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Golden Week: Celebrate Japanese Children’s Day!

In Japan, Children’s Day is celebrated each year as a way of wishing good health and success for its youth. When it comes to Children’s Day, Japan’s history (and that of ancient China) plays a huge role. While the Children’s Day Festival in Japan was founded on ancient myths and beliefs, many of its traditions remain in place today.

In learning about Children’s Day Japan activities, you’re opening your eyes to new concepts and cultural aspects of the country of your target language. At JapanesePod101.com, we hope to make learning about Japanese culture both fun and insightful! So let’s get started on our lesson about the Children’s Day Festival Japan holds each year.

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1. What is Children’s Day in Japan?

The Boys’ Festival is an event that began when the Chinese custom of exorcizing evil spirits with herbs made its way to Japan. In Japan, it has been celebrated as a traditional event since ancient times to pray for the healthy growth of boys. These days, not only boys, but also girls participate in the celebration, which is also known as Children’s Day, a national holiday in Japan.

2. When is Children’s Day?

Children's Day is on May 5

Each year during Golden Week, Japan celebrates Children’s Day on May 5.

3. Reading Practice: How is Children’s Day Celebrated?

Koinobori in Air

How do the Japanese celebrate Children’s Day? Read the Japanese text below to find out, and find the English translation directly below it.

5月5日の端午の節句が近づくと、家の外やベランダ、公園などに、「鯉のぼり」が飾られます。鯉のぼりとは魚の形をした吹き流し(ふきながし)のことです。中国に古い話があります。登竜(とうりゅう)という激しい流れの川を鯉が登ったそうです。そして、そのこいは龍(りゅう)になりました。この話から、「こどもがえらくなりますように」とのねがいをこめて、こいのぼりがかざられるようになりました。たいてい、大小さまざまなサイズの鯉が飾られ、一番大きい鯉はお父さん、次に大きいものはお母さん、小さいものは子供と、家族を表していると言われています。

また、家の中では、「よろい」や「かぶと」をかざります。昔、武士は戦いのとき、身を守るためによろいや兜(かぶと)を身につけました。そこで、男の子の体を守るという意味から、よろいやかぶとを飾るようになったのです。また、「五月(ごがつ)人形」と呼ばれる人形も飾ります。一般的なものには、武士の格好をした男の子や、菱形(ひしがた)の前掛け(まえかけ)をした「金太郎(きんたろう)」があります。

そして、端午の節句には柏餅(かしわもち)を食べます。柏餅はあんこを二つ折りにした餅ではさんで、柏の葉でつつんだ和菓子です。「かしわ」という植物は新しい芽がでるまで古い芽が落ちません。そのことから、「家系がずっと続いていく」、つまり「子孫繁栄(しそんはんえい)」を願って食べられています。

地域によっては「ちまき」も食べられています。ちまきとは中国由来(ゆらい)の食べ物で、笹などの葉でもち米を包んで蒸したもののことです。

As Boys’ Festival on May 5th approaches, the outsides of houses, verandas, parks, and so on are decorated with Koi (”Carp̶ ;) Streamers. Koi streamers are streamers made in the shape of a fish. There is an old tale from China that tells of a koi that appeared to have climbed a dangerous river known as Tōryū. This koi then became a dragon. It is from this story that koi streamers came to be decorated alongside wishes for “children to become mighty.” Usually, koi of various sizes are decorated, with the largest koi said to be the father, the next largest the mother, and the smaller koi the children. These koi are said to represent the entire family.

Also, the insides of homes are decorated with armor and helmets. In ancient times, when a samurai would fight, they would wear a helmet and armor to protect themselves. It is from this tradition that helmets and armor became decorations, because they were said to protect the boy’s body. There is also a doll known as a go-gatsu ningyō or “May doll.” Typically, they are boys dressed as samurai, and Kintarō with diamond-shaped aprons.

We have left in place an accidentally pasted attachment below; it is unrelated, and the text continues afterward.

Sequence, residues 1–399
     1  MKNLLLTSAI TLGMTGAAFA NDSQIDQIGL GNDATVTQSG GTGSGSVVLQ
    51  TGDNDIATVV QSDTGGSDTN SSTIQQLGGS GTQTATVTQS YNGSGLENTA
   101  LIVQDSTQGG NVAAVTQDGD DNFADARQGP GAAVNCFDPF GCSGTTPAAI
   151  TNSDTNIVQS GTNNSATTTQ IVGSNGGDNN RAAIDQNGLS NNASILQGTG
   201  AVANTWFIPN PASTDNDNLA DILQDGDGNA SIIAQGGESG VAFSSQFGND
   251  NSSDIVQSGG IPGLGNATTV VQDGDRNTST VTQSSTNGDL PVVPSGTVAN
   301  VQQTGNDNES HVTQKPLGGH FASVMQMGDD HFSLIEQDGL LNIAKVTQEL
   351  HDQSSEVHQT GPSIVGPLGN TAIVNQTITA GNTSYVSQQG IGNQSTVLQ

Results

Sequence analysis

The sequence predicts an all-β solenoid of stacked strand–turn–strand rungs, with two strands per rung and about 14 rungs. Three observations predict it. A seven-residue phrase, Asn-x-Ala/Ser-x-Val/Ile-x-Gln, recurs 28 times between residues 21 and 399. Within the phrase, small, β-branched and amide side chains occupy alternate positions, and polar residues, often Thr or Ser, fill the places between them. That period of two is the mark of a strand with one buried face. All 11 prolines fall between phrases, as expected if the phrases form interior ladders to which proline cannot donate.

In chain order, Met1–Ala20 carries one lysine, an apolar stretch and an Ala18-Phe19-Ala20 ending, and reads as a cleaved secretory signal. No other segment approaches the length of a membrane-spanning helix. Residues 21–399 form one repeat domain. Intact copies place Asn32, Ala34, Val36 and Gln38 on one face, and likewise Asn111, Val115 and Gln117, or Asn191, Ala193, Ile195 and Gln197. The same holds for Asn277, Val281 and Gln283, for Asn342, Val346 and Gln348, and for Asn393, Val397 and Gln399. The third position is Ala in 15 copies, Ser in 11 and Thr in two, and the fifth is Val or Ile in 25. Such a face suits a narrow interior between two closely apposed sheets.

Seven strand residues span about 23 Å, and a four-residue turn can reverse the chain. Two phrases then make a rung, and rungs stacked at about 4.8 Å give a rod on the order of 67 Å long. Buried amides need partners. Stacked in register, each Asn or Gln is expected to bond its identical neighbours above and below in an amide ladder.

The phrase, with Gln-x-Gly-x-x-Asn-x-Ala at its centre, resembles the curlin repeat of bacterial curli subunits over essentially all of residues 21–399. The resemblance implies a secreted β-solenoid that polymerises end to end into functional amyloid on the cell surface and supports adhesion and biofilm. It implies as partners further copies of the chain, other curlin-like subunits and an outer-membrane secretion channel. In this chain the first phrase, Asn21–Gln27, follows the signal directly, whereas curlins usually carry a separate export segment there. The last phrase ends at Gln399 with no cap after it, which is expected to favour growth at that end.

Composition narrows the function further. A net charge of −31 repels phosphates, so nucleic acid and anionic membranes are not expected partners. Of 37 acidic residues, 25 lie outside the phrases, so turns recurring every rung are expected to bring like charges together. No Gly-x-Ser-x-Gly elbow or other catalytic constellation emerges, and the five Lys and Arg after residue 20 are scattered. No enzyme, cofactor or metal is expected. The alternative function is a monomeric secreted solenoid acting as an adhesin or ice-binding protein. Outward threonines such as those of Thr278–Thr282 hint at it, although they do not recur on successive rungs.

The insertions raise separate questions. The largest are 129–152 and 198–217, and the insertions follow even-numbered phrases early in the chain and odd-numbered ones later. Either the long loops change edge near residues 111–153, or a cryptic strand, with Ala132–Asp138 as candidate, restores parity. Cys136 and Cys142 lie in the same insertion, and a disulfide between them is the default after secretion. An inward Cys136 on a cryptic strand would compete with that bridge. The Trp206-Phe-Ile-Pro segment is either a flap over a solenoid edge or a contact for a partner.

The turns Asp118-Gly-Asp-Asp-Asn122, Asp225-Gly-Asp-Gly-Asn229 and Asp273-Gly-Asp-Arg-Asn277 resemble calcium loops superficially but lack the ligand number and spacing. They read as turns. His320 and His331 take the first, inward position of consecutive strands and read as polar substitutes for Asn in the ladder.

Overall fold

Kashiwamochi is eaten on Boys’ Festival. Kashiwamochi is a kind of sweet made by stuffing rice cakes with bean paste. The old buds of the kashiwa, or “oak,” do not fall until a new bud appears. They are eaten with the desire that the “family tree will continue forever,” or in other words, for the “prosperity of descendants.”

Some regions also eat chimaki. Chimaki is a food derived from China, which is made by wrapping steamed glutinous rice with leaves, such as bamboo grass.

4. Additional Information: The Iris

There is a special flower for the Boys’ Festival; Japanese use it for celebration just like they do the flower for the Hinamatsuri (”Doll Festival”). Which flower do you think it is?

It’s the iris. The leaves of the iris have a strong fragrance, and people in ancient China believed that this fragrance exorcized evil spirits. The placing of iris into baths for health, and into sake for drinking, formed the beginnings of the Boys’ Festival. These days, there are also families that take baths called shōbuyu meaning “floating iris leaves.”

5. Must-know Vocab

Kabuto

Here’s some vocabulary you should know for Children’s Day in Japan!

  • 菖蒲 (しょうぶ) — iris
  • 端午の節句 (たんごのせっく) — Boys’ Day celebration
  • 子供の日 (こどものひ) — Children’s Day
  • 緋鯉 (ひごい) — red carp
  • 五月五日 (ごがつ いつか) — May 5th
  • 鯉のぼり (こいのぼり) — koinobori
  • 柏餅 (かしわもち) — kashiwamochi
  • かぶと (かぶと) — kabuto
  • 五月人形 (ごがつ にんぎょう) — doll for the Boys’ Festival in May
  • 真鯉 (まごい) — black carp
  • 菖蒲湯 (しょうぶゆ) — bath with iris leaves in it
  • 鎧 (よろい) — armor
  • 吹流し (ふきながし) — streamer
  • ちまき (ちまき) — chimaki

To hear each vocabulary word pronounced, visit our Japanese Children’s Day vocabulary list, where you’ll find each word accompanied by an audio file of its pronunciation.

Conclusion

What do you think of Japan’s Boys’ Festival celebration? Does your country observe a similar holiday? Tell us about it!

To learn more about the culture in Japan and the Japanese language, visit us at JapanesePod101.com. We provide our students with insightful blog posts on various topics, free vocabulary lists, and even on online community to discuss lessons with fellow Japanese students. And if you prefer a one-on-one learning experience, you can learn Japanese with your own personal Japanese teacher through our MyTeacher program!

Know that all of the hard work you’ve put into your language-learning journey and your strong determination will pay off! You’ll be speaking Japanese before you know it, and JapanesePod101.com will be here for each step on your way there. Best wishes!

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